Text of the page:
It has often been said that this letter to the Philippians is the Epistle of joy, and indeed it is. As the apostle wrote, his heart was filled with the joyful recollection of his past experiences in scenes so dear to him. He wanted his fellow believers in Philippi to complete his joy by sharing with him in the gladness that was his in Christ, so he exhorted them to “rejoice in the Lord” (Philippians 3:1). Circumstances may be anything but conducive to either peace or gladness, yet the trusting soul can always look above the restlessness of earth to the throne where Christ sits exalted as Lord at God’s right hand. He is over all.

Chapter Four Christ, The Believer’s Strength

Steadfastness and Unity (Philippians 4:1-3) Having concluded the long parenthesis of chapter 3, the apostle again exhorted believers to strive for steadfastness and unity. It is evident that there was incipient division in the assembly of believers at Philippi. The Epistle to the Philippians was written in order to deal with this problem, but Paul did not put his finger on the difficulty immediately. The ministry of chapters 1-3 was an attempt to prepare the hearts of the offenders for a ...

Author Biography

Henry Allan Ironside, one of the twentieth century’s greatest preachers, was born in Toronto, Canada, on October 14,1876. He lived his life by faith; his needs at crucial moments were met in the most remarkable ways. Though his classes stopped with grammar school, his fondness for reading and an incredibly retentive memory put learning to use. His scholarship was well recognized in academic circles with Wheaton College awarding an honorary Litt.D. in 1930 and Bob Jones University an honorar...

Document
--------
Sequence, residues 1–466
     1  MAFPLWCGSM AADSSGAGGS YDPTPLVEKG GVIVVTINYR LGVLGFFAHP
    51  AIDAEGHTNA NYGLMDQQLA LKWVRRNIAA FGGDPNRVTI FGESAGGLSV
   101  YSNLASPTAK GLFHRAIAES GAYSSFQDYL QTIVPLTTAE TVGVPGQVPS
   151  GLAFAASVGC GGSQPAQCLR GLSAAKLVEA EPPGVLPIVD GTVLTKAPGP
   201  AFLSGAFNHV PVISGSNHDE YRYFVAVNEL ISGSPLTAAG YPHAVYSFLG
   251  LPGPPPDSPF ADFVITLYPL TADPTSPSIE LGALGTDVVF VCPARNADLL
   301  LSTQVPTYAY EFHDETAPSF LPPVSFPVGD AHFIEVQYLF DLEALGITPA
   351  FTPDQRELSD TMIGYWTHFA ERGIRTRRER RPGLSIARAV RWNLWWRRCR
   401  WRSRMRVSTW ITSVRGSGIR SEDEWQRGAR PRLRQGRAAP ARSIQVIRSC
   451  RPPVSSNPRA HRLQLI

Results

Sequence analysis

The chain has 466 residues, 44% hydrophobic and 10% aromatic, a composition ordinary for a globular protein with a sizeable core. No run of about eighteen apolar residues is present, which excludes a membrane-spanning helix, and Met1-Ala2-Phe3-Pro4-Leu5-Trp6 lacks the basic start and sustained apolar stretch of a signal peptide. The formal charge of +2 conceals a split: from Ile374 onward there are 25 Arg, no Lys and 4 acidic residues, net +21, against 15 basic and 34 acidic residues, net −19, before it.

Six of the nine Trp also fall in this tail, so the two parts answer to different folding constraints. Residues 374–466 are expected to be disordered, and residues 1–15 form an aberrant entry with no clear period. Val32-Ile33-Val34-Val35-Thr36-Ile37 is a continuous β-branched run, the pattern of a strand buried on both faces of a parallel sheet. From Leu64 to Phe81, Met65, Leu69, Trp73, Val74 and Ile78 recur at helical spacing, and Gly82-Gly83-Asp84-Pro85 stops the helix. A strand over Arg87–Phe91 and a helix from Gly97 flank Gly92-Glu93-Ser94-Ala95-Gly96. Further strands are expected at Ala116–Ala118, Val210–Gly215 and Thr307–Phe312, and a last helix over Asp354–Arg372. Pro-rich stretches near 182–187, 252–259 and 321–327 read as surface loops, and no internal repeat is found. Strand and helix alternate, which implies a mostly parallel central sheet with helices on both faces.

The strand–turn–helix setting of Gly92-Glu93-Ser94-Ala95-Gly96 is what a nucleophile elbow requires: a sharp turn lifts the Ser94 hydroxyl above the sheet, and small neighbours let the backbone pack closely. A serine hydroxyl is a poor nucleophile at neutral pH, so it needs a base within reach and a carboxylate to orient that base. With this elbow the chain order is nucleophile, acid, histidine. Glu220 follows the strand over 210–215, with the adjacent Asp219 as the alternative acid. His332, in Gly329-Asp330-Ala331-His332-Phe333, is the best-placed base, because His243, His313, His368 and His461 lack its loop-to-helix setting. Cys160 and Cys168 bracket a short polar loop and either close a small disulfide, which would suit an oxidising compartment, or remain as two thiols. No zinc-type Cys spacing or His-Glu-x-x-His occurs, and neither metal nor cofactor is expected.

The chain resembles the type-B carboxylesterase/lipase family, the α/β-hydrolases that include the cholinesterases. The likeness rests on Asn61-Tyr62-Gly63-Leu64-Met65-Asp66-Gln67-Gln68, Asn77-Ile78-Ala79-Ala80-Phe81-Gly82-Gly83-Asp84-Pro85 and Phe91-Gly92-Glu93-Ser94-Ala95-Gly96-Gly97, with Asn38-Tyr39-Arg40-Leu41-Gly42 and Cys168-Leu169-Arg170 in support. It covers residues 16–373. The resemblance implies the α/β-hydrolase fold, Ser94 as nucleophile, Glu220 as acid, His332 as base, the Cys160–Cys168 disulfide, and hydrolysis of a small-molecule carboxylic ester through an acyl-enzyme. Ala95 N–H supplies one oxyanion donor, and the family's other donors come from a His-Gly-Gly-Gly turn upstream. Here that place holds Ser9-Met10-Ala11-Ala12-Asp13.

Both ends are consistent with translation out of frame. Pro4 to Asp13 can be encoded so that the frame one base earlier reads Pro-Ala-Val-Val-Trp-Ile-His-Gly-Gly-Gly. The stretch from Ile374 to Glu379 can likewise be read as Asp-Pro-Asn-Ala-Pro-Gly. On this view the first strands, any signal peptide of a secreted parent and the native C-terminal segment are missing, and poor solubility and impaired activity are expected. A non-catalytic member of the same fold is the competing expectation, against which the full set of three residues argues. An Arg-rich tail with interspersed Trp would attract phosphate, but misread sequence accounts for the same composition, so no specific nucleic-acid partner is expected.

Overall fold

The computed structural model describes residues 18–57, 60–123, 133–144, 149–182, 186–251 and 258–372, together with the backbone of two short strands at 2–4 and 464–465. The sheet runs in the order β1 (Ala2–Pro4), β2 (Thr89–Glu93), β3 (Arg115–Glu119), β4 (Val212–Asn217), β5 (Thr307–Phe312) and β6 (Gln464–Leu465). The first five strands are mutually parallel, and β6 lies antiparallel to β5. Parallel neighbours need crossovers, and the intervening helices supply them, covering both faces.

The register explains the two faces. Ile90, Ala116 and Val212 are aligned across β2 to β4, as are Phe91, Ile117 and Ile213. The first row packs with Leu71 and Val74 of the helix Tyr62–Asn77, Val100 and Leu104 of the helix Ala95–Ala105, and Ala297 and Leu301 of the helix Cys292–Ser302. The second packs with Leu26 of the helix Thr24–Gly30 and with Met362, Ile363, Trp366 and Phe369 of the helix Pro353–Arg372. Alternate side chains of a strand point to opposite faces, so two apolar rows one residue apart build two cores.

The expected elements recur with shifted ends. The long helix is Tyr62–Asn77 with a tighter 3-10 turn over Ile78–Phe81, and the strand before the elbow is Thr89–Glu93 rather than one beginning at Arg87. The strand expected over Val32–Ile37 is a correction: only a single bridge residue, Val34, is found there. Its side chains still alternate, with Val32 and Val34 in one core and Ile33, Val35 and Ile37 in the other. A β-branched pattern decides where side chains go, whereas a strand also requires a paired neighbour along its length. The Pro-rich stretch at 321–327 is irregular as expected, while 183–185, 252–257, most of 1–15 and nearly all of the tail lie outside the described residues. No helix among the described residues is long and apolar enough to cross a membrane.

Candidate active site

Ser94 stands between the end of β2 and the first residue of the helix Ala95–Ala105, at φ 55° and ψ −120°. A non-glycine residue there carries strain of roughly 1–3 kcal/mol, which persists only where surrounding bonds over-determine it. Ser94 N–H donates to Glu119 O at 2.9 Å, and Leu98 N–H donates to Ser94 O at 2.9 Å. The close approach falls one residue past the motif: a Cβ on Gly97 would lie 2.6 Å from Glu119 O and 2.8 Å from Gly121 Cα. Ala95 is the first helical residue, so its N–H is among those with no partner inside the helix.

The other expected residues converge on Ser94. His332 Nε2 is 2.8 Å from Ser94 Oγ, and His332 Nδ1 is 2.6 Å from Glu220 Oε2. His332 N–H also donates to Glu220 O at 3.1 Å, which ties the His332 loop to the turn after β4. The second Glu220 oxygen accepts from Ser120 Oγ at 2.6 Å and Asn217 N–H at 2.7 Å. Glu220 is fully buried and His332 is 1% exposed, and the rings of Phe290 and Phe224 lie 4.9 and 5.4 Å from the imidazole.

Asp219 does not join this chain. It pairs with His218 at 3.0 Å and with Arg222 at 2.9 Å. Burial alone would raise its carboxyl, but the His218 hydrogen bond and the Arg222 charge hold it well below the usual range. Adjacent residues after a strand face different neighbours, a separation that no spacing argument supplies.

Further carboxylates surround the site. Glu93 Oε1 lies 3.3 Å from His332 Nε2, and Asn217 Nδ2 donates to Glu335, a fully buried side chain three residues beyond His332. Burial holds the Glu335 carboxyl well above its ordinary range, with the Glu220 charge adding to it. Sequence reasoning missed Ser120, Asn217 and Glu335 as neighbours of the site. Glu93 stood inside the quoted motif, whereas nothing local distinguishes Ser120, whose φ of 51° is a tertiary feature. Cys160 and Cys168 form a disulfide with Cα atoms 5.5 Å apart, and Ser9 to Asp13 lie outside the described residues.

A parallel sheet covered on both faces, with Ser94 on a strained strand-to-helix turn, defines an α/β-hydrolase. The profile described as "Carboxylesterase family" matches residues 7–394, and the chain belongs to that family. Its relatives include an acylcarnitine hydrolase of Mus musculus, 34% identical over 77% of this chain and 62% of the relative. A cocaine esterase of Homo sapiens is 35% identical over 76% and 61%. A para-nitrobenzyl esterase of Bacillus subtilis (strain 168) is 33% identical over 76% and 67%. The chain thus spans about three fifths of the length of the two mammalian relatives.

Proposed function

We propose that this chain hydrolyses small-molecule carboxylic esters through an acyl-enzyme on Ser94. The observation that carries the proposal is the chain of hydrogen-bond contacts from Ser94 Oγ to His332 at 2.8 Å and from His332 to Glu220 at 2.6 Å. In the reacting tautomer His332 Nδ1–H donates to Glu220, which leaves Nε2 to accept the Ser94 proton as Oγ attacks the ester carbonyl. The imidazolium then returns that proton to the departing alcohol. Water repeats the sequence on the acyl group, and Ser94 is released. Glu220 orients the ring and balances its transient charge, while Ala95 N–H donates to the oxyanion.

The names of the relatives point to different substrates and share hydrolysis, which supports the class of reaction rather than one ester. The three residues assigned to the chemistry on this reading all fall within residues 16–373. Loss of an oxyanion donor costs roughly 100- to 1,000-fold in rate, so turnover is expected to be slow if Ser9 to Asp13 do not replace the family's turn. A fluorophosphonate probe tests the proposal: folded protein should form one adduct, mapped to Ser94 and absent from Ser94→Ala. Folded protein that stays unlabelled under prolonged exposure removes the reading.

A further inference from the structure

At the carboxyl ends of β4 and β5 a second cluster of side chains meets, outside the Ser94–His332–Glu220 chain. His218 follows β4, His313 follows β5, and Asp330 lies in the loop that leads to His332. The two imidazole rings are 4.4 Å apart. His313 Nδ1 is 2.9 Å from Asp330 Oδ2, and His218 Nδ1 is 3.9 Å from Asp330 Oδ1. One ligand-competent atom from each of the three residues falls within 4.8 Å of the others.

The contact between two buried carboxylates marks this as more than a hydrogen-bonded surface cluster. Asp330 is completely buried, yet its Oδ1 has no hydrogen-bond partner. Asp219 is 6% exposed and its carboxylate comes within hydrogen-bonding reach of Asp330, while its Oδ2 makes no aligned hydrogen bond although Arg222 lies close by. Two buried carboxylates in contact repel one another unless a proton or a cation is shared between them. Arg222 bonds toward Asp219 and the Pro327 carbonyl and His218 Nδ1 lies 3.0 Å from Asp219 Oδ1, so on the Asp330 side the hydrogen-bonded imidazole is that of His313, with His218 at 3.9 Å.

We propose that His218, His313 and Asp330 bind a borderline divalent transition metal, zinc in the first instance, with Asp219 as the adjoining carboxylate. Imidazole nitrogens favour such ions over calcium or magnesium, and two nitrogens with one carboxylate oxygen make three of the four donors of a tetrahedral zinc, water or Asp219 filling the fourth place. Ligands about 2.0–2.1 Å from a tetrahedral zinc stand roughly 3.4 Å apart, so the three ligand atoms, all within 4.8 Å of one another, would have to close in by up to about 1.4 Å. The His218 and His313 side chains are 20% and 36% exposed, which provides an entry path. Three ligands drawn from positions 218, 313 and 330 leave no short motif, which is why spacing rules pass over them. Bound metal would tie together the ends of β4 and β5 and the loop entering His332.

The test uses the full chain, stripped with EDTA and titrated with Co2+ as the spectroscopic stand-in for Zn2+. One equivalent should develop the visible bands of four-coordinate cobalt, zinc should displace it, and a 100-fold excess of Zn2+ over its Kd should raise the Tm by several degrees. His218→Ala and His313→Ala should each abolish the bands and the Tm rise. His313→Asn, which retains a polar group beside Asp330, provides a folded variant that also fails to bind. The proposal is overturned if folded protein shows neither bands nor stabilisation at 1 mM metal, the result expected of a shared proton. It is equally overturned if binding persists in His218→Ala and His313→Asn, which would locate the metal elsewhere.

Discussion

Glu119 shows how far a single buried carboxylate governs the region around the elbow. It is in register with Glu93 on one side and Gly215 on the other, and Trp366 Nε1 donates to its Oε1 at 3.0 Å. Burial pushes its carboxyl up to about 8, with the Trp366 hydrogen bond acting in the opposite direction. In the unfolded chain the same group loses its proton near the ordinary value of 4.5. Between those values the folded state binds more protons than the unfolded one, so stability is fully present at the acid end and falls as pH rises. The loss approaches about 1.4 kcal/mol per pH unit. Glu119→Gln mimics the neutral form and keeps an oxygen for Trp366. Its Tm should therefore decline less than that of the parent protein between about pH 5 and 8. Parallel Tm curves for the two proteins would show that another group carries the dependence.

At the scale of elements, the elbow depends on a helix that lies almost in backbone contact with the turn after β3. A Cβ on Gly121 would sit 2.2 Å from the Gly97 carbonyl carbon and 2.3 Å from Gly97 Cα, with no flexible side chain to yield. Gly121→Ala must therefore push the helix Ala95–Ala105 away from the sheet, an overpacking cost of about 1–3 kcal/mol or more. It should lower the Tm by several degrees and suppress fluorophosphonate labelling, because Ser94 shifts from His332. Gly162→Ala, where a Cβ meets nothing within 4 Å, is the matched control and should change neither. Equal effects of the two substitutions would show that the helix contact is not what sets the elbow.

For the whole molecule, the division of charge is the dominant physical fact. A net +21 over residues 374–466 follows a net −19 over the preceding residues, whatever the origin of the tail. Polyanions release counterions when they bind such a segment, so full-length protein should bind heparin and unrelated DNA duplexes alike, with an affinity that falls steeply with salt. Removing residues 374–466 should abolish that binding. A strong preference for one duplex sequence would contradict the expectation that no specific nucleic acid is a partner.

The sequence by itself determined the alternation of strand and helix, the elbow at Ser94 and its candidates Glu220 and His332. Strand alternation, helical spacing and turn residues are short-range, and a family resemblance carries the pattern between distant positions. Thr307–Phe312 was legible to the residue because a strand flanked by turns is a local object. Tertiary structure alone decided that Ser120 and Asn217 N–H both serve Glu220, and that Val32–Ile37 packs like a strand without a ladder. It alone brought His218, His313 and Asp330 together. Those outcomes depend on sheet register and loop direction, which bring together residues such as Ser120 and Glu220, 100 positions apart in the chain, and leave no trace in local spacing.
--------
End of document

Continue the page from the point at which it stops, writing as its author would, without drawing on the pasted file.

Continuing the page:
The Written Ministry Of H. A. Ironside

Expositions Joshua Ezra Nehemiah Esther Psalms (1-41 only) Proverbs Song of Solomon Isaiah Jeremiah Lamentations Ezekiel Daniel The Minor Prophets Matthew Mark Luke John Acts Romans 1 & 2 Corinthians Galatians Ephesians Philippians Colossians 1 & 2 Thessalonians 1 & 2 Timothy Titus Philemon Hebrews James 1 & 2 Peter 1,2, & 3 John Jude Revelation Doctrinal Works ...


A Heritage of Ministry… Paul and Timothy Loizeaux began their printing and publishing activities in the farming community of Vinton, Iowa, in 1876. Their tools were rudimentary: a hand press, several fonts of loose type, ink, and a small supply of paper. There was certainly no dream of a thriving commercial enterprise. It was merely the means of supplying the literature needs for their own ministries, with the hope that the Lord would grant a wider circulation. It wasn’t a business; it wa...